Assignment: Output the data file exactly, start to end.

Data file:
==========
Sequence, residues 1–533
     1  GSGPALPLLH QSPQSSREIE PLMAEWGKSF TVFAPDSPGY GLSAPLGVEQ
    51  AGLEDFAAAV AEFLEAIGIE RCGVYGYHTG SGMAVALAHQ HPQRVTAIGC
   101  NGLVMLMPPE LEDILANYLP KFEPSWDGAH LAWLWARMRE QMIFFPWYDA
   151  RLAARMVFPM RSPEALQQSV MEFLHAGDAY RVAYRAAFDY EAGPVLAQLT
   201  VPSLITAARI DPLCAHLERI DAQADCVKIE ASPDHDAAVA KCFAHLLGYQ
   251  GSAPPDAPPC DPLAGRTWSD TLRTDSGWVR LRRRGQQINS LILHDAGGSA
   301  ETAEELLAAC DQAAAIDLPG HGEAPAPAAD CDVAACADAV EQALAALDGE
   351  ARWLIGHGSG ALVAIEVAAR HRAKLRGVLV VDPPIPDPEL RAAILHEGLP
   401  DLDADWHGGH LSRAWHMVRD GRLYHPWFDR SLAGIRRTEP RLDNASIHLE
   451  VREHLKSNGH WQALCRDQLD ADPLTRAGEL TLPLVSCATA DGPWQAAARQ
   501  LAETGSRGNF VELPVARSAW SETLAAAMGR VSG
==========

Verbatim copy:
Sequence, residues 1–533
     1  GSGPALPLLH QSPQSSREIE PLMAEWGKSF TVFAPDSPGY GLSAPLGVEQ
    51  AGLEDFAAAV AEFLEAIGIE RCGVYGYHTG SGMAVALAHQ HPQRVTAIGC
   101  NGLVMLMPPE LEDILANYLP KFEPSWDGAH LAWLWARMRE QMIFFPWYDA
   151  RLAARMVFPM RSPEALQQSV MEFLHAGDAY RVAYRAAFDY EAGPVLAQLT
   201  VPSLITAARI DPLCAHLERI DAQADCVKIE ASPDHDAAVA KCFAHLLGYQ
   251  GSAPPDAPPC DPLAGRTWSD TLRTDSGWVR LRRRGQQINS LILHDAGGSA
   301  ETAEELLAAC DQAAAIDLPG HGEAPAPAAD CDVAACADAV EQALAALDGE
   351  ARWLIGHGSG ALVAIEVAAR HRAKLRGVLV VDPPIPDPEL RAAILHEGLP
   401  DLDADWHGGH LSRAWHMVRD GRLYHPWFDR SLAGIRRTEP RLDNASIHLE
   451  VREHLKSNGH WQALCRDQLD ADPLTRAGEL TLPLVSCATA DGPWQAAARQ
   501  LAETGSRGNF VELPVARSAW SETLAAAMGR VSG